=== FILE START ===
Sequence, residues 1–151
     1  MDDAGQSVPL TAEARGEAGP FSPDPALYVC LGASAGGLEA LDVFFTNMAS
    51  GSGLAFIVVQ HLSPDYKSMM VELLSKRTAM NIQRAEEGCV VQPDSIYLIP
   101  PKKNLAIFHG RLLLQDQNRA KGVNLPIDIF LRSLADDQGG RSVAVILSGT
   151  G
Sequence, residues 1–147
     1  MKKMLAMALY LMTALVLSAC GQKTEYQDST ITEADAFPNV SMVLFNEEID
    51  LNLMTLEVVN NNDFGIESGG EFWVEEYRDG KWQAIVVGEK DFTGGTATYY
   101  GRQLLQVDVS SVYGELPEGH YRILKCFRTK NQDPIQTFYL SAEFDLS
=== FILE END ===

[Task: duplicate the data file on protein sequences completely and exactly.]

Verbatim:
Sequence, residues 1–151
     1  MDDAGQSVPL TAEARGEAGP FSPDPALYVC LGASAGGLEA LDVFFTNMAS
    51  GSGLAFIVVQ HLSPDYKSMM VELLSKRTAM NIQRAEEGCV VQPDSIYLIP
   101  PKKNLAIFHG RLLLQDQNRA KGVNLPIDIF LRSLADDQGG RSVAVILSGT
   151  G
Sequence, residues 1–147
     1  MKKMLAMALY LMTALVLSAC GQKTEYQDST ITEADAFPNV SMVLFNEEID
    51  LNLMTLEVVN NNDFGIESGG EFWVEEYRDG KWQAIVVGEK DFTGGTATYY
   101  GRQLLQVDVS SVYGELPEGH YRILKCFRTK NQDPIQTFYL SAEFDLS